Eleanor R. Adair, 86, Microwave Proponent

That was the headline in the NY Times obituary on May 6 for a great lady, leading researcher, courageous defender of microwaves and true friend of IMPI. In an extensive interview in the Times in 2001, Dr. Adair, or Ellie, as known to friends, defended microwave ovens and closed her interview by decrying the billions of dollars spent looking for evidence of hazards from exposure to electromagnetic energy—“because there is really nothing there.” At that time, the Times published a picture of her in a white lab coat in an anechoic chamber at the AF Research Lab in Brooks AFB, Texas where she was chief scientist for 5 years.

Her scientific prominence was built on decades of top-notch research, beginning with many years of exposure (at the John B. Pierce Foundation in New Haven, CT) of squirrel monkeys at warming levels of microwaves with no adverse results., followed by many short-term (e.g. 45 minutes) exposures of human volunteers to warming levels of microwaves , well above accepted safety limits, again with no adverse effects. (I was one of those volunteers).
Her role. in the last half-century, was juxtaposed in relation to the other great scientists who helped establish a rational understanding of the bioeffects of microwave exposure. In the 1960’s and 1970’s, before the creation of BEMS (Bioelectromagnetics Society) in 1979, there was no home society for researchers on microwave bioeffects. Thus many presented their results at IMPI symposia and in IMPI publications. IMPI even had a Safety Standards Committee, chaired by the eminent Prof. Herman P. Schwan, to which I was secretary.

Ellie was a charter member of BEMS, served as Secretary, and received the d’Arsonval Medal for outstanding research in 2007. A special issue of the BEMS journal was dedicated to her in 2003. Beyond that, however, Ellie had a vision of many potentially beneficial applications of microwave energy which are held back because of irrational fear of microwave “radiation”. She collaborated with Prof. Robert V. Pound, of Harvard, who proposed in ~1980, the comfort heating of humans by microwaves , at a frequency above 2.45 GHz—e.g. 5.8 or ~10 GHz. She compared notes with Dr. Charles Buffler, an IMPI luminary, who with his colleague, Ron Lentz, at Litton, was studying the human perception of microwaves in a screen room. (Dr. Buffler was also studying how microwaves can help prevent hypothermia in newborn lambs—he and his wife ran a small sheep farm in New Hampshire.). In 1995 and 1996, I hosted small parties at my home just before the meetings of BEMS and IMPI, in Boston, respectively, at which W. C. Brown (Bill) of Raytheon demonstrated microwave power transmission over a ~50 foot path in the early evening, to a rectenna, resulting in the energizing of a bank of lights. Ellie did not hesitate to go into the beam and see the lights go off. In 2001, at a meeting of the Space Studies Institute, in Princeton, New Jersey, Ellie recalled this incident and encouraged ongoing attempts to realize the revolutionary SPS (Solar Power Satellite) as one means of alleviating the energy crisis in the world.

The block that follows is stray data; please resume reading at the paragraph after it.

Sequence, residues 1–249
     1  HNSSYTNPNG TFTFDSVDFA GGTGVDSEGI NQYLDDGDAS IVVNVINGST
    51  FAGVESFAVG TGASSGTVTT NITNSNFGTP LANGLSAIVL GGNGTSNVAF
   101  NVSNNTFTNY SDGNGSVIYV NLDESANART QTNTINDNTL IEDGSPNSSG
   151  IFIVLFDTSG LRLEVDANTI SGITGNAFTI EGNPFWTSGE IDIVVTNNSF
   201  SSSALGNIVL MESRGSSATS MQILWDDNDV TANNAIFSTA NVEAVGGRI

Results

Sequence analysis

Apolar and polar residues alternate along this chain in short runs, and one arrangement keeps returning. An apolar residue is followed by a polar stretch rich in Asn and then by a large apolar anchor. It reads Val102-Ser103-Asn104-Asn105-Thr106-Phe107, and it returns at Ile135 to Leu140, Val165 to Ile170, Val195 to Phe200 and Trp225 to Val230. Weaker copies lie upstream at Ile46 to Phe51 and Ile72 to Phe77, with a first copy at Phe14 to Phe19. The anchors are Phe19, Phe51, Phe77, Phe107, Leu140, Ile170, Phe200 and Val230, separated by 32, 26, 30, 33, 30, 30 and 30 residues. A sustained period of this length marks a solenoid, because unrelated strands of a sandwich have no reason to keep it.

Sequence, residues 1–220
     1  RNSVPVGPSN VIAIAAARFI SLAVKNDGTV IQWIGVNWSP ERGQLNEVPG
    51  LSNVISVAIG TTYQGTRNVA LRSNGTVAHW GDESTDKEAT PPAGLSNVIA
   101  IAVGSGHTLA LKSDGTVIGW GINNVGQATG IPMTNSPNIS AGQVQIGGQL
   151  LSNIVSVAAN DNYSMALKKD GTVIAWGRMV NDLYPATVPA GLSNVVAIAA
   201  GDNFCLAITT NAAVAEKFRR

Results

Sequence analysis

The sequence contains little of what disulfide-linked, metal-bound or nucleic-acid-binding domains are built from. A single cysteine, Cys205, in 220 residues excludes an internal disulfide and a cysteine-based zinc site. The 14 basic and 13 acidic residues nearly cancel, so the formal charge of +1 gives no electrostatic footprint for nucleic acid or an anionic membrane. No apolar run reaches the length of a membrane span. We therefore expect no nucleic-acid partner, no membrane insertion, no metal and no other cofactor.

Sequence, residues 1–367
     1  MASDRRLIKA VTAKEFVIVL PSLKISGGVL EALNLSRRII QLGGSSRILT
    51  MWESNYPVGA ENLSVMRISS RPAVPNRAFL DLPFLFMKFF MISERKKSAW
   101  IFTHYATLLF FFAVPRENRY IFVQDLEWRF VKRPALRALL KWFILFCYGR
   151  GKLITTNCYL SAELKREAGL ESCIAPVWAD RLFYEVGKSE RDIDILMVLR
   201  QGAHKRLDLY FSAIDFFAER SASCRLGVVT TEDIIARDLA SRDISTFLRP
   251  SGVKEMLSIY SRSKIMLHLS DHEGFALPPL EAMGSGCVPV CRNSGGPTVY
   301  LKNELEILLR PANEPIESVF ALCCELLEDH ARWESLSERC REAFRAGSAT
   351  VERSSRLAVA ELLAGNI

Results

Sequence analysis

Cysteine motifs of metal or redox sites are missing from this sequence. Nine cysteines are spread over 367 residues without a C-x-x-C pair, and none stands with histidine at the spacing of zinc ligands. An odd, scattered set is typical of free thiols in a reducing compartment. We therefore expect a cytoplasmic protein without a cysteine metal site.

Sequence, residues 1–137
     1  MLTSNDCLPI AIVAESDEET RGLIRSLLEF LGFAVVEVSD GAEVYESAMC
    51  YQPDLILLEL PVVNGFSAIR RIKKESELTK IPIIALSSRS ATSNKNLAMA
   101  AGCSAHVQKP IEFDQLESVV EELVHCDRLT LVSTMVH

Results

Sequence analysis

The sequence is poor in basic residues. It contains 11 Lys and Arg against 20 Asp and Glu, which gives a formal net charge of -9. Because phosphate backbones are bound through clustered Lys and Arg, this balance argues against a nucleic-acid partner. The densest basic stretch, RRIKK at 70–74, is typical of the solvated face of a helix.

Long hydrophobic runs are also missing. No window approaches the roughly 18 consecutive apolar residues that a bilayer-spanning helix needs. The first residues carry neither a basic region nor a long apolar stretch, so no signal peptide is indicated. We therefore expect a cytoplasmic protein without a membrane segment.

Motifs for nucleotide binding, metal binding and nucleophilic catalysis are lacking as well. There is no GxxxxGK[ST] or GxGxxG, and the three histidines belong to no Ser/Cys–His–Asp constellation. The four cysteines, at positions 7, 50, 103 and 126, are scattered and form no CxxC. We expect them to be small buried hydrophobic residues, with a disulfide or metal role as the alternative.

She was a key leader in IEEE committees –both ICES (International Committee on Electromagnetic Safety) and COMAR (Committee on Man and Radiation). – but she often went beyond these formal duties to courageously defend current microwave technology, as in her appearance on “60 Minutes” in the early 90’s, defending police radar. In the late 80’s she led the creation of the annual Michaelson Research Conference in honor of the late Prof. Sol Michaelson, who had been a long-time consultant to AHAM and Member of IMPI.

Her life had broad aspects of human understanding. Besides hobbies like hiking and rooting for the Boston Red Sox, she was a serious supporter of the aspirations of the people in Tibet, with visits to the Dalai Lama. She and her family traveled extensively She got her husband, the distinguished Prof. Robert K. Adair, of Yale, involved in the controversy about safety of EM energy in the 80’s and 90’s and he helped both the IEEE committees as well as the EEA (Electromagnetic Energy Association)

Dr. Eleanor Adair recognized the problem of public acceptance of “microwaves’ and she often addressed the subject, as in a paper “Nurturing Electrophobia”. Her contributions have a lasting effect on the future of all microwave technology, especially those related to the scope of IMPI. She was a great scientist and person and is greatly missed.